You need to either file a motion or get a stipulation to set aside default and vacate default judgment. Most likely, you will need an attorney to do this because there are no "forms" that you can just fill out and file.
In California, a defendant who has been defaulted by failure to respond to a summons and complaint might have an opportunity to set aside the default based upon Code of Civil Procedure § 473.5.
“When service of a summons has not resulted in actual notice to a party in time to defend the action and a default or default judgment has been entered against him or her in the action, he or she may serve and file a notice of motion to set aside the default or default judgment and for leave to defend the action.” (California Code of Civil Procedure § 473.5(a). )
The motion must be served within the earlier of two years after entry of a default judgment against him or her; or 180 days after service on him or her of a written notice that the default or default judgment has been entered.
The moving party should submit a sworn declaration as to when he or she first learned of this action, whether he or she was ever served with the summons or complaint in the action, and whether he or she ever received notice of entry of default.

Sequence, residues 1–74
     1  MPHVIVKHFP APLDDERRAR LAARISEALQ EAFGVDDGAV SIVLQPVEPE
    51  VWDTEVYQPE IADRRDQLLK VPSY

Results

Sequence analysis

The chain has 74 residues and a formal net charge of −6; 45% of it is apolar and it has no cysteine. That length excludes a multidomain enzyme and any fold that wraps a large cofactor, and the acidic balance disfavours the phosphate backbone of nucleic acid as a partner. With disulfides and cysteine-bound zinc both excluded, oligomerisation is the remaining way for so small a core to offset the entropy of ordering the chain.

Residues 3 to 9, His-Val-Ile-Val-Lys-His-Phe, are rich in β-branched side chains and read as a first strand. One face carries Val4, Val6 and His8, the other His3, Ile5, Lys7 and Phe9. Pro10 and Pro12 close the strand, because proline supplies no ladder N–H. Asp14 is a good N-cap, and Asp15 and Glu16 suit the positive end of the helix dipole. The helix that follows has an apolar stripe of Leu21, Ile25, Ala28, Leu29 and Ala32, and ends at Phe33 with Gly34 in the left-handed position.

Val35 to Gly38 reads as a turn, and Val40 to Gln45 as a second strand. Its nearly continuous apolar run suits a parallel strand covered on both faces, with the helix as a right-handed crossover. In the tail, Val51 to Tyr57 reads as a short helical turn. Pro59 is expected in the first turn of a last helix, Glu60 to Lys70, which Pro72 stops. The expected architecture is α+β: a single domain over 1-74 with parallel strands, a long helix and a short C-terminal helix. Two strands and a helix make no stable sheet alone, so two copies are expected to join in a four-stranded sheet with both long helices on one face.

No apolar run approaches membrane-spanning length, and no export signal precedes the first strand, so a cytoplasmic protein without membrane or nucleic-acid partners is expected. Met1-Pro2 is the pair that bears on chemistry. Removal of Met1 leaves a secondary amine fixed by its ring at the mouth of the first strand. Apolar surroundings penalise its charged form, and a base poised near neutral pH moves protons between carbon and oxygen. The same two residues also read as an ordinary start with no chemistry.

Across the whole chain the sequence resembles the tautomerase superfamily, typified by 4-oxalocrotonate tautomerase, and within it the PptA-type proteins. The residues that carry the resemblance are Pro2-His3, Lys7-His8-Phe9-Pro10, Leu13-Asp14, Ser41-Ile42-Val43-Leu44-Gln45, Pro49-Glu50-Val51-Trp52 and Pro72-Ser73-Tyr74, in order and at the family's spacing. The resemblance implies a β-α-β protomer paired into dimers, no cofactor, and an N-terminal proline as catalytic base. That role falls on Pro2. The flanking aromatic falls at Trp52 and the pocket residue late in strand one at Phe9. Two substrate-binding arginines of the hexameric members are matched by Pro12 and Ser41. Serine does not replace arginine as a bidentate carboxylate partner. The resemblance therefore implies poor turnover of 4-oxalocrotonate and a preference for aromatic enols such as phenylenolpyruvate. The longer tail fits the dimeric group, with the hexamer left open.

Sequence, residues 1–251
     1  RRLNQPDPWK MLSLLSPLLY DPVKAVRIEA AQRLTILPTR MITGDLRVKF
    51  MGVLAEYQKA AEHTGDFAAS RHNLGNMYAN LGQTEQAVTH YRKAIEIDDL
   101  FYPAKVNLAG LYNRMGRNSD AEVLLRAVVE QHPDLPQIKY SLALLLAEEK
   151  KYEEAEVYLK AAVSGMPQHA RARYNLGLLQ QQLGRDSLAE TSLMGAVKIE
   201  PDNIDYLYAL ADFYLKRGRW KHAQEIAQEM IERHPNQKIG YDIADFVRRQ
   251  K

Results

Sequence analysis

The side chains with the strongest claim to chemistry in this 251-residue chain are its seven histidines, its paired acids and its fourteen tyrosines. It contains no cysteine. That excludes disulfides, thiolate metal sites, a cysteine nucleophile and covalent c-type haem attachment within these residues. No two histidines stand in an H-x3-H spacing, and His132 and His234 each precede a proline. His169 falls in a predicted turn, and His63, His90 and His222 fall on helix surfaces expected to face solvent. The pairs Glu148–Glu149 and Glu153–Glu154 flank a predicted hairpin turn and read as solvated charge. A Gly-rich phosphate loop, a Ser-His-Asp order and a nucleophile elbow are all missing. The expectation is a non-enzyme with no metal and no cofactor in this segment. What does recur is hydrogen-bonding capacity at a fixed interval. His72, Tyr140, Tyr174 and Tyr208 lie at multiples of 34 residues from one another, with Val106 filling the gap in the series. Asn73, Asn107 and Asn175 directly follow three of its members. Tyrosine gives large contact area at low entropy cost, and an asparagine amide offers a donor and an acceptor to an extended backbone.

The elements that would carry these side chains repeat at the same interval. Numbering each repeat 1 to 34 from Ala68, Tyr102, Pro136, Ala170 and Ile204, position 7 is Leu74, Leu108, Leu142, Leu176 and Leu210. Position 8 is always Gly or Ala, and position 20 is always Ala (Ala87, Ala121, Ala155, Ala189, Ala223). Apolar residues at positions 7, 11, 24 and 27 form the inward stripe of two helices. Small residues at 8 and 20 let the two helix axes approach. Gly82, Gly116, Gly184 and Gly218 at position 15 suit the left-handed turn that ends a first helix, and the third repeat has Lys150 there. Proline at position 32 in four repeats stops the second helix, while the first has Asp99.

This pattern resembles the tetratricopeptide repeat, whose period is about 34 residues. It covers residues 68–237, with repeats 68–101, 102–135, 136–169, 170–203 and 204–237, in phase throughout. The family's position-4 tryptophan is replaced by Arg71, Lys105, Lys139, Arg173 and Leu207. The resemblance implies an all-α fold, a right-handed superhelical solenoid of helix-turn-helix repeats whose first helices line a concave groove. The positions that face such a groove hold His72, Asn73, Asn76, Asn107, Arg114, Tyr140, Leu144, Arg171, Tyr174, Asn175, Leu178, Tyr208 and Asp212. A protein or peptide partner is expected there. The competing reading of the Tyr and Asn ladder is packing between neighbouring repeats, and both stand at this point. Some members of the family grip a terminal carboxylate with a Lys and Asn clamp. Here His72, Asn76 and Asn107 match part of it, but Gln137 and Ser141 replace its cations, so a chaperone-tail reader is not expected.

“A notice of motion to set aside a default or default judgment and for leave to defend the action shall designate as the time for making the motion a date prescribed by subdivision (b) of Section 1005, and it shall be accompanied by an affidavit showing under oath that the party's lack of actual notice in time to defend the action was not caused by his or her avoidance of service or inexcusable neglect. The party shall serve and file with the notice a copy of the answer, motion, or other pleading proposed to be filed in the action.” (California Code of Civil Procedure § 473.5(b).)
The information presented here is general in nature and is not intended, nor should be construed, as legal advice. This posting does not create any attorney-client relationship with the author (who is only admitted to practice law in the State of California). For specific advice about your particular situation, consult your own attorney.
you can try and get the lawyer who obtained the judgment to stipulate to setting it aside. Alternatively, you can file a motion to set aside the judgment pursuant to CCP 473.5 if it is applicable under the circumstances. I just prevailed on a motion pursuant to this statute yesterday.
Contact a local attorney who handles consumer issues and get some advice from them